Finding the best way to cope with fibroids and stress is unique for every woman. If you’re unsure where to begin, try stress relief techniques at least once to see which ones show the best results. Here are some of the most effective techniques for reducing stress and anxiety:
- Plan ahead – Reducing the worry of bleeding through your clothing in public starts by being ready. Check out our period survival guide.
- Relaxation Exercises – Find your “ohm”: Yoga, stretching, meditation, along with breathing exercises are great for loosening muscle tension and bringing stress to normal levels.
- Keep your mind occupied – Distraction techniques, whether reading, watching a movie, listening to music, or taking a walk, can help you temporarily shift the focus of attention away from pain and other unpleasant bodily sensations associated with uterine fibroids.
- Lean on somebody – Talk to a friend or family member, as well as your doctor, if you are have difficulty managing stress levels. Pent–up worry or frustration can cause even more stress, so it can be helpful to vent to someone close. Your doctor can help you find effective pain and stress management techniques until you can get treatment.
- Eating healthy – Try to eat a healthy diet for fibroids. Eating fruits and vegetables and avoiding sugar and heavy carbs can help regulate your blood sugar and emotions.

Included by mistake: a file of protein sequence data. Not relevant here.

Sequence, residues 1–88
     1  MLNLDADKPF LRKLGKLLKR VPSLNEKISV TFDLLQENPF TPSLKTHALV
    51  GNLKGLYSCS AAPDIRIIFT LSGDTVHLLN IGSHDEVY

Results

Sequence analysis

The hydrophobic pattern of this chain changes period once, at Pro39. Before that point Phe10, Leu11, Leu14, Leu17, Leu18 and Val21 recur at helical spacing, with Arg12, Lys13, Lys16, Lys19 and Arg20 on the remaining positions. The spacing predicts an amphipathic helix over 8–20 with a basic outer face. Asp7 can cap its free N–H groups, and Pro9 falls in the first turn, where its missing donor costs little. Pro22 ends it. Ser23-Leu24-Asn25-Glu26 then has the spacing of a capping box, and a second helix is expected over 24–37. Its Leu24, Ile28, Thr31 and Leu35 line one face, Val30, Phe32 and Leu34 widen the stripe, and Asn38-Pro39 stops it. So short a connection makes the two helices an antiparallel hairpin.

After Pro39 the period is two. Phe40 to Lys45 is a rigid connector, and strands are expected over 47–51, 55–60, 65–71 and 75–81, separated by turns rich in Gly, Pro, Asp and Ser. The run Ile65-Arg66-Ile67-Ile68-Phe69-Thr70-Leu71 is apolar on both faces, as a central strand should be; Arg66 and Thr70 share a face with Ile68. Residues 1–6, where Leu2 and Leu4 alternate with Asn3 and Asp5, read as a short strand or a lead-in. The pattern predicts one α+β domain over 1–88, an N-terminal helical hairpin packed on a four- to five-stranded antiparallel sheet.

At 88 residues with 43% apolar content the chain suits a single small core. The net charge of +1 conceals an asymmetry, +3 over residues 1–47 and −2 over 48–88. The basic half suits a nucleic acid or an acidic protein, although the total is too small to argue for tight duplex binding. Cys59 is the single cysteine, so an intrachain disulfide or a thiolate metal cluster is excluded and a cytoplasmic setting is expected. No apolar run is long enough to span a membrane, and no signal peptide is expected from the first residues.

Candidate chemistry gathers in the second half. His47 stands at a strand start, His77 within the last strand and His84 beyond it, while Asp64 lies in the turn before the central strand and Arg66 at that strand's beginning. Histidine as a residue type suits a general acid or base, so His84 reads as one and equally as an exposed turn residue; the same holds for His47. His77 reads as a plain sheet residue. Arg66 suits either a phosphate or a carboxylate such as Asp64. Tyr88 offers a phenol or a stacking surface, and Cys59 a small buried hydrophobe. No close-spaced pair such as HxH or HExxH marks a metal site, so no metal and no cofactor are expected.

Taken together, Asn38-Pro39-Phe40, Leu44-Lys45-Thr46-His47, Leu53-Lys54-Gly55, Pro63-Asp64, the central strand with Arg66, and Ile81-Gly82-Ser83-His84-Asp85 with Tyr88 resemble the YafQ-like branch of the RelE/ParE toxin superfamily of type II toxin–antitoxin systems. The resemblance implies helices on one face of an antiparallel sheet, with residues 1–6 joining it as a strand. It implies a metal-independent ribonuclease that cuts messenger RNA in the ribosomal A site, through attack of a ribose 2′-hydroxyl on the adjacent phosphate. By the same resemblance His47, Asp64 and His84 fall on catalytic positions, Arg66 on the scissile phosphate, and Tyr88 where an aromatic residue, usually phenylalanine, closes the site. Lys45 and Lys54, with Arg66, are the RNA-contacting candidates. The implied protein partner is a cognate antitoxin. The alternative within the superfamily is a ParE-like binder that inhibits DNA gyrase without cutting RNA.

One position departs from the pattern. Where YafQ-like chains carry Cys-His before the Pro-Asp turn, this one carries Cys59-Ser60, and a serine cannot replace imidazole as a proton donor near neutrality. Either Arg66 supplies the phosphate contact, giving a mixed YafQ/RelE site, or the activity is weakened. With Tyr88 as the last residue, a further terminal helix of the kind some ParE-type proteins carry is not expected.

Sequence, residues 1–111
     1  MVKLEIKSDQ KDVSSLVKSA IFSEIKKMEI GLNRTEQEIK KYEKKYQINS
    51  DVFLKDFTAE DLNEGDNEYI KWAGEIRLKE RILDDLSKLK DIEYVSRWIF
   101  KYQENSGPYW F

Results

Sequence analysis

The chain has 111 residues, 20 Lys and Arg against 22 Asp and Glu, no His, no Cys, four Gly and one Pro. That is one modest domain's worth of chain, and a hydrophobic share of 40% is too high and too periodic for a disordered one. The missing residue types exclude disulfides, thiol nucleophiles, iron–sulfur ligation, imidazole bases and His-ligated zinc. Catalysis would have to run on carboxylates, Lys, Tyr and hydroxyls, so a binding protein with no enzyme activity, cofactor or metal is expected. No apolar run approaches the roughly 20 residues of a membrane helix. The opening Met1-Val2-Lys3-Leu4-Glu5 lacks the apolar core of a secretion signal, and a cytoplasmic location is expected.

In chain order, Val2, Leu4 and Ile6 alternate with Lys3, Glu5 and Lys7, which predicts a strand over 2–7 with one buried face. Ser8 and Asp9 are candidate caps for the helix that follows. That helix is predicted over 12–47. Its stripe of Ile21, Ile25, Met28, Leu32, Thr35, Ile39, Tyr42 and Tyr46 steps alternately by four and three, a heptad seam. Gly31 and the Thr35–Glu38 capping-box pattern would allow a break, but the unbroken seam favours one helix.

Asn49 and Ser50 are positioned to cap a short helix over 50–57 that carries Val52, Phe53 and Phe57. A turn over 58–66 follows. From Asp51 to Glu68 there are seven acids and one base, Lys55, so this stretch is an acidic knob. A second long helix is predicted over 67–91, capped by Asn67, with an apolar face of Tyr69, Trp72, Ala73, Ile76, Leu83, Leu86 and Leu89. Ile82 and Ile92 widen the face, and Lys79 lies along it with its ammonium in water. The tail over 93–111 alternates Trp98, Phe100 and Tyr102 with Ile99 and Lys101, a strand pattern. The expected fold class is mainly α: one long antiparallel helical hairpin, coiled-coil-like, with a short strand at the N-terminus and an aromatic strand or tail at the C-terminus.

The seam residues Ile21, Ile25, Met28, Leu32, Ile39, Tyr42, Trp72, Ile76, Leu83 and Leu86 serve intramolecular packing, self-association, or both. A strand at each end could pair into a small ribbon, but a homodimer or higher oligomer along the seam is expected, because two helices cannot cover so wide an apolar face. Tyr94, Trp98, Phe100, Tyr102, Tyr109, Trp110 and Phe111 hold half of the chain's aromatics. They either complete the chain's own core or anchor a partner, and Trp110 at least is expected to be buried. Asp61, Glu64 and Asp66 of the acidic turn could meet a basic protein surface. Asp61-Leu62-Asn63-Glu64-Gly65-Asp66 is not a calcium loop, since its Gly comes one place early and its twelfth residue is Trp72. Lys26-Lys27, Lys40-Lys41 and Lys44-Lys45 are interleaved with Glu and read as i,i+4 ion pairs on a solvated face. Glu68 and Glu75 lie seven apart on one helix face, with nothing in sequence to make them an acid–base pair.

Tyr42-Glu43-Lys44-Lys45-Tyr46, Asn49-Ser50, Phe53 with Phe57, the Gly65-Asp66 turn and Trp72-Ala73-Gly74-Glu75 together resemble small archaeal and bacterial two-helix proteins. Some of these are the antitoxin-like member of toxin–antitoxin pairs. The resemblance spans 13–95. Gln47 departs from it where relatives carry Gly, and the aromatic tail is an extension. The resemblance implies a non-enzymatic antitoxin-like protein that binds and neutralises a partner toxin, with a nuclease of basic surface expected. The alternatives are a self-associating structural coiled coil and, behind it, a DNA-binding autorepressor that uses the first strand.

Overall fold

- Exercise – Even though you may not feel like a strenuous workout, even low-impact exercise, such as walking or stretching, can help you feel better. Exercise releases endorphins, which can improve your mental state.
Most importantly, seek treatment with an experienced fibroid specialist. They can work with you to create a personalized treatment plan to help you get your life back.
Find Hope with Us
If you are suffering from painful and prolonged menstruation, don’t delay your treatment – no woman should live in constant discomfort. USA Fibroid Centers offers a minimally invasive and non-surgical treatment for fibroids called Uterine Fibroid Embolization (UFE). This quick, outpatient treatment reduces the size of the fibroid tumor without affecting the uterus, which can alleviate symptoms of uterine fibroids.
Call 855.615.2555 or click the button below to schedule an initial consultation with our interventional radiologists. We want to help eliminate the source of fibroid-induced stress in your life.